I'm Joe and I lead the EVgo Charging Crew. Please email me at support@EVgo.com or get in touch via Twitter and let me know what I can do to make it even easier and more convenient to fast charge your EV with EVgo.
Whew! It’s hot outside — or at least it usually is during the summer months. As temperatures rise, people who own EVs (or are EV-curious) may be wondering: how is owning an EV different than owning an internal combustion engine (ICE) vehicle when it comes to hot temperatures? This winter, we wrote about how cold weather affects charging and battery range. In warm weather, owning an EV is a little different than owning an ICE vehicle, but not by much.
Summer heat affects all cars, including ICE vehicles. When combustion engines get too hot, parts expand and warp, oil cooks and loses effectiveness, and engines can even seize up. Thankfully, engine cooling systems filled with antifreeze do a good job at keeping engines from getting too hot.
Similarly, EVs have cooling systems to keep their batteries from overheating. The thermal management system for the battery is built to both heat and cool the battery to keep it around 60-80 degrees Fahrenheit. This is quite a bit different from an engine cooling system which is primarily meant to only cool to a range around 190-210 degrees Fahrenheit (a combustion engine also produces a LOT more waste heat than a battery!).
An EV battery performs best within a certain temperature range because its power is generated by a chemical reaction that functions best within that range. When it’s hot outside, the thermal management system uses a small amount of power from the battery itself to maintain temperature (and when plugged in, the system pulls a bit of power from the grid to maintain the battery’s temperature).
All that said, here are a few warm weather tips to help you maximize your EV’s range and keep your battery healthy all summer long.
5 Warm Weather Tips for EVs:
1. Park your EV in the shade or in a garage (if you can).
If you don’t have access to a garage or shaded parking at home, whenever you’re out and about and have the option to park inside a parking structure or out in the hot sun, choose the parking structure! This will allow your battery and the cabin to cool down while parked. You’ll use less battery power cooling your car back down when you get back to your car, too.
2. Precondition your EV before getting inside. (If it’s plugged in, keep it plugged in while you precondition).
Preconditioning allows you to pre-heat or pre-cool the car’s cabin before you begin your journey, allowing you to use less of the energy stored in the battery for these functions. Most EVs come with an integrated app that you can use to precondition (by cooling or warming) your EV’s cabin before you get inside, but preconditioning may also be activated via the car’s media system. It’s best to precondition your EV while it’s still plugged in so that you use energy from the grid to cool the car and your battery down. This gives you more range, along with a comfier car when you get inside.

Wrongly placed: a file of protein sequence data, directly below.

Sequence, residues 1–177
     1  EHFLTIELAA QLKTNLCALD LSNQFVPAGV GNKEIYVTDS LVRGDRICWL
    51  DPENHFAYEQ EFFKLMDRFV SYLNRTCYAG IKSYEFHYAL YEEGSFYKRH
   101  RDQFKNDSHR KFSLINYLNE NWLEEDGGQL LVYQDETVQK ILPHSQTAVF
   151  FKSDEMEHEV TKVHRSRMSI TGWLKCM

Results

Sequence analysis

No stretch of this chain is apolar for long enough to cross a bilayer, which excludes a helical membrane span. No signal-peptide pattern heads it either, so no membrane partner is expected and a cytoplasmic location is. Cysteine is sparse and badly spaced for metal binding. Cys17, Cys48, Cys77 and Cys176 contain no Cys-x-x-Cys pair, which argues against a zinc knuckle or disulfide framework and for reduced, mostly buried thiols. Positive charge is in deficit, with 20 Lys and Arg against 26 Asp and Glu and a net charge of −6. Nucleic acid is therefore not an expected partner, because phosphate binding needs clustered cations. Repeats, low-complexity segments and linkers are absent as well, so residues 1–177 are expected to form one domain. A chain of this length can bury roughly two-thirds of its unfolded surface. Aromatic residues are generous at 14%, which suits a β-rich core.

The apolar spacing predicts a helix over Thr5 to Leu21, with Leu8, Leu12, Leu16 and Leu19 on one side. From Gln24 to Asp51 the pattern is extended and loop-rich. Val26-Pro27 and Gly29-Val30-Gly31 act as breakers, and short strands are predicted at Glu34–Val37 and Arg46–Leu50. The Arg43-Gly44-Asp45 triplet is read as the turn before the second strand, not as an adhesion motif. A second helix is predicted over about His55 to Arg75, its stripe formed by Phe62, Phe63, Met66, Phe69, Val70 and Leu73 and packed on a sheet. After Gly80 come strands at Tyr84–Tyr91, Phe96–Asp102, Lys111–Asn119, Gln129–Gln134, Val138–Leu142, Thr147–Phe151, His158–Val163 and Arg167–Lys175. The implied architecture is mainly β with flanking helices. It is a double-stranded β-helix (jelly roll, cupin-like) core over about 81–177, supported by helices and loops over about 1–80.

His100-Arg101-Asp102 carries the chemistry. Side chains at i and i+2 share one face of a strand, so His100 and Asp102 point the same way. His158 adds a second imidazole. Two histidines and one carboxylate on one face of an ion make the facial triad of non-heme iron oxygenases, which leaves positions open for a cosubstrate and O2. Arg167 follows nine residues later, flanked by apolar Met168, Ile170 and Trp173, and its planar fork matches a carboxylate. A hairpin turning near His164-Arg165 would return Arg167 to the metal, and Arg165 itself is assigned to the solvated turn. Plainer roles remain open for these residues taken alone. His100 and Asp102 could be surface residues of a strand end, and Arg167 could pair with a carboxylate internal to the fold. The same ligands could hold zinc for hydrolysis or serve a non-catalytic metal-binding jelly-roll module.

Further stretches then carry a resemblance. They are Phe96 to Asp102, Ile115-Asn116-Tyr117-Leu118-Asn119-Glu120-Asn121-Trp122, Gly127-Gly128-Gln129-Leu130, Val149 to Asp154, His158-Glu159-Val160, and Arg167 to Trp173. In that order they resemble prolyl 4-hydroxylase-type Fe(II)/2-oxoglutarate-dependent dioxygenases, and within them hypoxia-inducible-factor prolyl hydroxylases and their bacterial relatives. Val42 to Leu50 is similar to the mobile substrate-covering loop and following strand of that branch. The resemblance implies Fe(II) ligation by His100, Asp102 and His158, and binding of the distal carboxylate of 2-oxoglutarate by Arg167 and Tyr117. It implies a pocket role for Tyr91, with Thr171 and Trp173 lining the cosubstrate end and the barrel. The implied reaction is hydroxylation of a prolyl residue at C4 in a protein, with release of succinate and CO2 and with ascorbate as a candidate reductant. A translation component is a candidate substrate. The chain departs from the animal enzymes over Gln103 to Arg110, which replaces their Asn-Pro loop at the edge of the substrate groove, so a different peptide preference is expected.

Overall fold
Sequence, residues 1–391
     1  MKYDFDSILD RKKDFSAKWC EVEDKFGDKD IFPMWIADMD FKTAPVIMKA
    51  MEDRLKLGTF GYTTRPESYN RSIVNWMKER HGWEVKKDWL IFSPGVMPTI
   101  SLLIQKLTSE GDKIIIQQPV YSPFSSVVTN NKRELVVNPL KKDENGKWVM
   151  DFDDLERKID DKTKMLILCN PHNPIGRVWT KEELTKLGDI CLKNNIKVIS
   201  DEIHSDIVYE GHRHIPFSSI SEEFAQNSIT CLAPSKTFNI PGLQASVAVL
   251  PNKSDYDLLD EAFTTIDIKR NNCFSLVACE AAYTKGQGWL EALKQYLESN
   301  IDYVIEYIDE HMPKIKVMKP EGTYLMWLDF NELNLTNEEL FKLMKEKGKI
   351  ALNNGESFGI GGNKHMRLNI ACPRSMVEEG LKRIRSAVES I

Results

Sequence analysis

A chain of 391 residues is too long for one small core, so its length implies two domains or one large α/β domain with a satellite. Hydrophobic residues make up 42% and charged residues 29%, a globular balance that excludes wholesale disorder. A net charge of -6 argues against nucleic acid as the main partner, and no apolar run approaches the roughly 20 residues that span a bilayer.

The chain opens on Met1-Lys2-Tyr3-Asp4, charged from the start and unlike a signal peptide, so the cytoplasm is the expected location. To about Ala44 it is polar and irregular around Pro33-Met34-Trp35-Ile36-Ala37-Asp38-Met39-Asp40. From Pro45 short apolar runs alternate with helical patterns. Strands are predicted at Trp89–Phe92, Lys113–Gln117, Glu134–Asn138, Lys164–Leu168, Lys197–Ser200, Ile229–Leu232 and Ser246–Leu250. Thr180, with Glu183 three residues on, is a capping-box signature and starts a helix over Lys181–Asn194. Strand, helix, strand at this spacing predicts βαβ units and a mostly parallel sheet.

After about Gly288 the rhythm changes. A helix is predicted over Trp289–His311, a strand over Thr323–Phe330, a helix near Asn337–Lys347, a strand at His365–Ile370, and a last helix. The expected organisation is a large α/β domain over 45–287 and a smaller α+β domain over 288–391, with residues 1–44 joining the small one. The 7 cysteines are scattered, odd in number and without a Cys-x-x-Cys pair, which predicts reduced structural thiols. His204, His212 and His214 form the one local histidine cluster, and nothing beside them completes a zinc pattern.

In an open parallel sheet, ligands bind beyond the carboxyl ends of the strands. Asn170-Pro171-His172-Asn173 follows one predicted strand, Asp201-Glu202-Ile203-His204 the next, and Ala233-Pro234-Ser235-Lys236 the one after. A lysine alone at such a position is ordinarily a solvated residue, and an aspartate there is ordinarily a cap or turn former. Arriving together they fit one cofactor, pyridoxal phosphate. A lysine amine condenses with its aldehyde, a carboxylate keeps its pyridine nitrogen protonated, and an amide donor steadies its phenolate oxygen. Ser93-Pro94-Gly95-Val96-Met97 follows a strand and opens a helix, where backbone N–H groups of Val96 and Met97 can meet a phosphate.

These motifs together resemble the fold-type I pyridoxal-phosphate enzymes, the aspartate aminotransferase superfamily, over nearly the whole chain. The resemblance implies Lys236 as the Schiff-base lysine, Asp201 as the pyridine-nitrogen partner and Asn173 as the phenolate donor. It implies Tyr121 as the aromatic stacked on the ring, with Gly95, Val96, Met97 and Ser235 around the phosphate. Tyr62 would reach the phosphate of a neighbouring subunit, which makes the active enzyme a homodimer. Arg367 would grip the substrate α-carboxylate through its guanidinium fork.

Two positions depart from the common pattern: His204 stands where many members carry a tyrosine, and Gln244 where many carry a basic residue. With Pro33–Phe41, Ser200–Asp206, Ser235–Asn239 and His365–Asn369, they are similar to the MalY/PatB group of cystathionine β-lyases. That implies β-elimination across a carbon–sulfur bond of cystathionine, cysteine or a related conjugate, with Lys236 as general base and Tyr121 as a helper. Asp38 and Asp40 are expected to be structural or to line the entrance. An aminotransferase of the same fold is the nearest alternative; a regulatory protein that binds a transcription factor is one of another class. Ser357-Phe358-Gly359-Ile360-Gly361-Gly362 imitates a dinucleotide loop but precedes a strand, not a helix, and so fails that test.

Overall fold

3. Ease up on the accelerator and brakes.
When it’s hot outside, easing up on the accelerator and brakes will use less energy, which will keep your battery cooler. You can also use ECO mode (or Chill Mode if you’re a Tesla driver), which limits the energy expended when driving.
4. Take it easy on the A/C if you need the range.
By itself, driving in hot weather will have a minimal impact on your range. Using your A/C on a hot day will have a small impact on your range. In fact, the heater in an EV typically uses more energy than the A/C, opposite that of a gas car. In city driving, you can consider rolling your windows down instead of using the A/C, but on the highway, rolling your windows down usually has a more negative effect (by producing drag) than just using the A/C moderately.
5. Limit your fast charge to an 80% State of Charge (SoC)* and charge at night whenever possible.
As your charging speed slows down throughout your fast charge, it’s usually a better use of your time to unplug after you reach 80% SoC. The energy transfer from the charger to your battery warms up your battery, so if it’s an especially hot day (and your battery is already warm), your EV may limit charging speeds to keep the battery cooler and healthier. At 80% SoC, you’re probably better off switching to an L2 charger if you need to top off. Charging at night when it’s cooler out will be even better for your battery, and you’ll be conserving energy on the grid if your utility company experiences demand constraints during the day.
If you have overnight charging available for your EV, it’s good to leave it plugged in with the SoC limit set to roughly 50%. For some vehicles, it’s also a good idea to have a small trickle charger, also known as a battery tender, on the 12V battery.*
*Refer to your owner’s manual for more specifics on best practices for your EV model.
As EV adoption grows, many new EV owners might notice that charging and maintaining your EV is similar to charging and maintaining your smartphone. If you’re using your phone on a hot day and have a lot of apps running, it’s often a good idea to close a few apps to let your phone cool down. Your EV is similar. Thankfully, your EV’s BMS and thermal management system do an excellent job keeping your battery cool and healthy.
If you’re curious about what happens to public fast chargers in particularly hot weather, we have good news for you! EVgo chargers are built to withstand extreme weather and shouldn’t experience heat-related issues. If you ever encounter any issues on the EVgo network, don’t hesitate to give our EVgo Charging Crew a call at 877-494-3833.
When the next heat wave comes, we hope these tips help you and your EV brave the higher temperatures. If you’re curious to learn more, check out our Charging Basics page, and click here to find an EVgo fast charger!